In Cairo, Lotz eventually opened his riding club and continued to befriend the elite of Egyptian society. He managed to persuade them to show him the Egyptian missile launch sites and he gathered intelligence on the Egyptian military and its industries. He also composed a list of German scientists who worked for the Egyptians and in September 1964 he sent letter bombs to some of them, in an attempt to induce them to cease their work. Lotz'z letter bombs killed some civilians and their effects were deemed limited.
In 1965 the East German Head of State made an official visit to Egypt, and as a gesture to the East Germans, the Egyptians arrested thirty West German citizens, including Lotz. According to some sources, Lotz, thinking he was exposed, confessed to being a spy but stuck to his cover story and claimed he was tempted by the Israelis to spy for them in exchange for their giving him funds to establish his riding club. It has been alleged that this account of what took place was a fabrication by Mossad. A contrary account is given in Lotz's biography, The Champagne Spy. According to this book, Lotz was captured after a wireless set was discovered hidden inside a bathroom scale; he had used this to transmit Egyptian target coordinates prior to the impending Israeli surprise attack of 1967.
According to some Israeli accounts, the Egyptians believed Lotz even when evidence arrived from Germany which pointed to his true identity. Lotz and his wife were put on trial and the Mossad managed to get him represented by a German lawyer and ensure a German observer from the embassy who oversaw the fairness of the trial.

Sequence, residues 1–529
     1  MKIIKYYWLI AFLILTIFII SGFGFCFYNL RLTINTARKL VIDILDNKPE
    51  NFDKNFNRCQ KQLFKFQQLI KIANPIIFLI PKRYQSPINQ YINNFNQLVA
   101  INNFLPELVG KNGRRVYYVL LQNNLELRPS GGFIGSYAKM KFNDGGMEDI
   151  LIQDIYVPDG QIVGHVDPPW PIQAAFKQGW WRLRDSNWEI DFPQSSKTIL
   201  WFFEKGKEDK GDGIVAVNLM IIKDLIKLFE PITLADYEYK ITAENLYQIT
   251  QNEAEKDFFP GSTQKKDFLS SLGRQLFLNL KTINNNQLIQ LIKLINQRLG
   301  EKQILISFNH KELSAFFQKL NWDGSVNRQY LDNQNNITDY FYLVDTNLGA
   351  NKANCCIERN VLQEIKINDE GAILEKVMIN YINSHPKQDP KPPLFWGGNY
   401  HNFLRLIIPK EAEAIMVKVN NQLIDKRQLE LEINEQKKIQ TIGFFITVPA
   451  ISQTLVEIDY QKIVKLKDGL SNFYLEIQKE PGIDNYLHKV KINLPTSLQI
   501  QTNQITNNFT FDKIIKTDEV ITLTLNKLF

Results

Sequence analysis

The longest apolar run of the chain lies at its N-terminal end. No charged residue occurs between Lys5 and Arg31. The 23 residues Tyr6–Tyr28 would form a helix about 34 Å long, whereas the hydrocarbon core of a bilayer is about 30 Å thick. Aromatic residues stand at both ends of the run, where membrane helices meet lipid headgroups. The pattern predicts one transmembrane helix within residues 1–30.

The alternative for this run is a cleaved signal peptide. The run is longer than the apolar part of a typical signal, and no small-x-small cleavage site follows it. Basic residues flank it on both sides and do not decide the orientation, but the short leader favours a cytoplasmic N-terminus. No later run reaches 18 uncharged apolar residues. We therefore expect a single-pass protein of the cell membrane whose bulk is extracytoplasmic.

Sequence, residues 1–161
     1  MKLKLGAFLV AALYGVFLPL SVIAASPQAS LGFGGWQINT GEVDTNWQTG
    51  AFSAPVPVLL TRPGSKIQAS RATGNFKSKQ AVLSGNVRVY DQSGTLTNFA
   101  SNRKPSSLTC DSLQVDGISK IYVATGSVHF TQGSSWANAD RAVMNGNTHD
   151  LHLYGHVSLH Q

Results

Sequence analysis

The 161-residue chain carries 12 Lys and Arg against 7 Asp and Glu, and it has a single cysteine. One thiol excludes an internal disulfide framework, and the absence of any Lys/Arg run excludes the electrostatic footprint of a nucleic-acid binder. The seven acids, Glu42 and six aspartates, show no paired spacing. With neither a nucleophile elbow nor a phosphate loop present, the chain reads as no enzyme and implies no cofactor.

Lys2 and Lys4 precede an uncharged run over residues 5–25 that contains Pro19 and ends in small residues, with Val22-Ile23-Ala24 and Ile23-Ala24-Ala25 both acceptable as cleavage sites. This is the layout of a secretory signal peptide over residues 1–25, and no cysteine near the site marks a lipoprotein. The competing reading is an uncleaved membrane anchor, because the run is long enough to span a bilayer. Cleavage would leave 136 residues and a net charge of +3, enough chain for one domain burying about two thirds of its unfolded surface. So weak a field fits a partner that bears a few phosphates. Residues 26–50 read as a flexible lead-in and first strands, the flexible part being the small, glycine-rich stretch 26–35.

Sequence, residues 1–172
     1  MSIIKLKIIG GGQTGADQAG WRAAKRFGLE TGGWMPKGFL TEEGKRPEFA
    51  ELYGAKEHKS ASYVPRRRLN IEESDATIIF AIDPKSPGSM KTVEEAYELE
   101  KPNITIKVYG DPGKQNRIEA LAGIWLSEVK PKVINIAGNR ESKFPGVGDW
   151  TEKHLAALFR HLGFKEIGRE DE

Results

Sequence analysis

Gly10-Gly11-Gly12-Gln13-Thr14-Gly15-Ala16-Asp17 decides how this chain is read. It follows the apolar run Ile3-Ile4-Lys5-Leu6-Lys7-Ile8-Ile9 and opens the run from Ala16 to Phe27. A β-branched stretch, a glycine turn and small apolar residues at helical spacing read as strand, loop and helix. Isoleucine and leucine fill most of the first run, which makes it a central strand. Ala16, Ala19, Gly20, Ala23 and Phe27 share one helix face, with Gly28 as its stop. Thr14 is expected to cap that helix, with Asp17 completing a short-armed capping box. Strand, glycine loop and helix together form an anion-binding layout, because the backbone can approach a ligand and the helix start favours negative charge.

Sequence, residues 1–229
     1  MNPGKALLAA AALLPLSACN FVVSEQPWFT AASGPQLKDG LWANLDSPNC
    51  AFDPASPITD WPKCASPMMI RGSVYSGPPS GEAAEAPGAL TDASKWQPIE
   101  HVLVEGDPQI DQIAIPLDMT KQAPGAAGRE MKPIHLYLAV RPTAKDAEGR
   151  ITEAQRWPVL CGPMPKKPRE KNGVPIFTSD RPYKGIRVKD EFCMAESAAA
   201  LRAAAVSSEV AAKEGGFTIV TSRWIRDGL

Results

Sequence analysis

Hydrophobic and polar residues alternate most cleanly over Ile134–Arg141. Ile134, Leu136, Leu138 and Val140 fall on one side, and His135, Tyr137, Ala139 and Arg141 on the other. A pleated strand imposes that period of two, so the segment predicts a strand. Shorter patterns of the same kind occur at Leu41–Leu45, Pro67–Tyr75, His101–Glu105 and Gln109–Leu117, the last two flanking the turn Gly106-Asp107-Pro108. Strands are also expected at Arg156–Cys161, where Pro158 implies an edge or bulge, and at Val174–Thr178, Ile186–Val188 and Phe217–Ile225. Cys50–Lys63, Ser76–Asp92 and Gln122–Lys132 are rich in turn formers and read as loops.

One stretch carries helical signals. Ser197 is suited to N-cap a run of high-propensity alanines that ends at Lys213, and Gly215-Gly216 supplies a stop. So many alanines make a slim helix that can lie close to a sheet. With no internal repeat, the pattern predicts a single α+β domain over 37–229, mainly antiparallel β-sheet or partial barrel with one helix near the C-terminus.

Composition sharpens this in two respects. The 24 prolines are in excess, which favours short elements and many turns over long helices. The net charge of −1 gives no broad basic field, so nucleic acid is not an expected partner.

Lotz was sentenced to life imprisonment as a spy on 21 August 1965 and his wife was sentenced to three years in jail. Both were released in the prisoner exchange in 1968 following the Six-Day War. He resided in Israel until the death of his wife, Waltraud, in 1973, who died as of coronary disease, then, feeling remised he emigrated to Munich and died in poverty and oblivion in 1993. Lotz was buried in Israel with full military honors.
Further reading[edit | edit source]
- Wolfgang Lotz. (1980). A handbook for spies. Harper & Row.
- Wolfgang Lotz. (1972). The Champagne Spy - Israel's Master Spy Tells his Story. St. Martin's Press. Made into a documentary movie, http://www.cinemattraction.com/?p=697 http://www.imdb.com/title/tt0488282/ Meragel Ha-Shampaniya (2007) containing interviews with Lotz' son, acquaintances and the Mossad operatives that controlled Lotz.
References[edit | edit source]
[edit | edit source]
- Gordon Thomas. (1999). Gideon's Spies: The Secret History of the Mossad. St. Martin's Griffin.
- Wolfgang Berkowitz/Zev Barak (Fiction, 1993). "The Hope". Little, Brown and Company.
- "The Champagne Spy". TIME. 23 November 1970. http://www.time.com/time/magazine/article/0,9171,943310,00.html. Retrieved 30 July 2008.